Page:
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‘HCIP210’: The new potato variety set to significantly boost incomes of smallholder farmers in tropical regions

Farmers [in the tropics] are the custodians of the land. But to fulfill their role, crops need to generate income. 

“Farmers had no choice. They were using varieties that did not meet market requirements or were using old European varieties that would have a lot of disease problems and high levels of pesticide use,” according to Mike Robinson of the Syngenta Foundation for Sustainable Agriculture (SFSA).

Eight years ago, the SFSA brought the International Potato Center (CIP) together with HZPC, the world’s leading commercial potato breeding company, to develop potato varieties adapted to tropical environments. Last year this public-private partnership known as TAP5 registered its first breed, called HCIP210 in Vietnam. According to Robinson, “the best is still to come.” 

13 years, that is how long it takes to develop a potato breed from scratch, however HCIP210 was registered in less than eight years from crossing. Not only is the speed record-breaking. The variety is the first ever commercial breed well adapted to the tropics with higher yields in the agro-ecologies challenged by poverty, heat, drought, and diseases.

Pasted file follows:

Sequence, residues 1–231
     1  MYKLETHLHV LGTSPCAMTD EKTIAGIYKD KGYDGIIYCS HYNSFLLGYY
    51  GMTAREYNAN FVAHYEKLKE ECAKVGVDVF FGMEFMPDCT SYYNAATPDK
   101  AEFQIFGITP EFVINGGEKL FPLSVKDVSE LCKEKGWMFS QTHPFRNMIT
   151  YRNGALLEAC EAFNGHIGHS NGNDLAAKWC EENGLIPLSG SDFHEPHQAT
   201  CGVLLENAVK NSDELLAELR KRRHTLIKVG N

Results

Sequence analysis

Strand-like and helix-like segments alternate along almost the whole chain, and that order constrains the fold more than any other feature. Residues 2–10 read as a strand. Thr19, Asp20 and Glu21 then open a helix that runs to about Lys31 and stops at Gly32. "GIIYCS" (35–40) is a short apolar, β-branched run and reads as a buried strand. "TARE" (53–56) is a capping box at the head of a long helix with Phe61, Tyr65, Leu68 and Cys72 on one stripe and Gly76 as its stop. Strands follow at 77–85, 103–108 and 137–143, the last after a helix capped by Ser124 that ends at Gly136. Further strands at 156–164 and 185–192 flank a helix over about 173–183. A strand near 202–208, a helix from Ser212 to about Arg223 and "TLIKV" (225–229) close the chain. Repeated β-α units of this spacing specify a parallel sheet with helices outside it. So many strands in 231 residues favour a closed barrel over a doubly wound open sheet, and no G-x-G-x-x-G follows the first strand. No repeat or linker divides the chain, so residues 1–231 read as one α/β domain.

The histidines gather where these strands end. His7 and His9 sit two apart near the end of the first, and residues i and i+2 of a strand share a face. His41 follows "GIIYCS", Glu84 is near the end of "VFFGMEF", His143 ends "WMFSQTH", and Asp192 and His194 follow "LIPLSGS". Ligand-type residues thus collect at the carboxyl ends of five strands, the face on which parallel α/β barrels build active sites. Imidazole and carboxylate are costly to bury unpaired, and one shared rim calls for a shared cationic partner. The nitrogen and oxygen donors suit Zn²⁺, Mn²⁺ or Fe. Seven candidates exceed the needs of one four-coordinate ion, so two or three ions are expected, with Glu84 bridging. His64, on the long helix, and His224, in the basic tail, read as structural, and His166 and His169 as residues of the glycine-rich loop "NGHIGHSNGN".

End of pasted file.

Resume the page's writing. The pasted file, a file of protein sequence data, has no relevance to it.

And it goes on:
While its name sounds technical, HCIP210 carries profound implications. Most smallholders live in the tropics. Many of these farmers use varieties developed in temperate regions, that need lots of fertilizer, water, and pesticides, but meet market demands in terms of taste and ability to be processed.  

For HZPC’s head of Research and Development, Robert Graveland, the new TAP5 variety does not only combine better yield and stability under tropical conditions. By leveraging CIP’s expertise in disease and virus resistance alongside HZPC’s genetic traits tailored for processing and taste, TAP5 has created a variety that is outperforming the European varieties in acceptance for the value chain, making HCIP210 a sustainable option for smallholders as well as a high value cash crop.  

This way, Dr. Hugo Campos, CIP’s Deputy Director, and Head of Science and Innovation, wants to deliver at scale: “With TAP5, we are doing something quite unique. We are running a commercial breeding programme”.

Next to the scientific advancements, the public-private partnership delivers complete, market-ready products that enable sustainable agriculture with fewer inputs and higher outputs.  

For Campos delivering public goods through public-private partnerships is not just a strategy but a necessity for creating lasting change in agriculture: “Going forward it is very clear to me that we not only need to develop high yielding potatoes that are resistant to late blight and other diseases but also that they have the processing quality which is becoming more and more relevant for smallholder farmers across the globe“. 

Source: International Potato Center (CIP)
Author: Stefan Möhl (CIP). Original article here
Image: Credit CIP

Editor & Publisher: Lukie Pieterse


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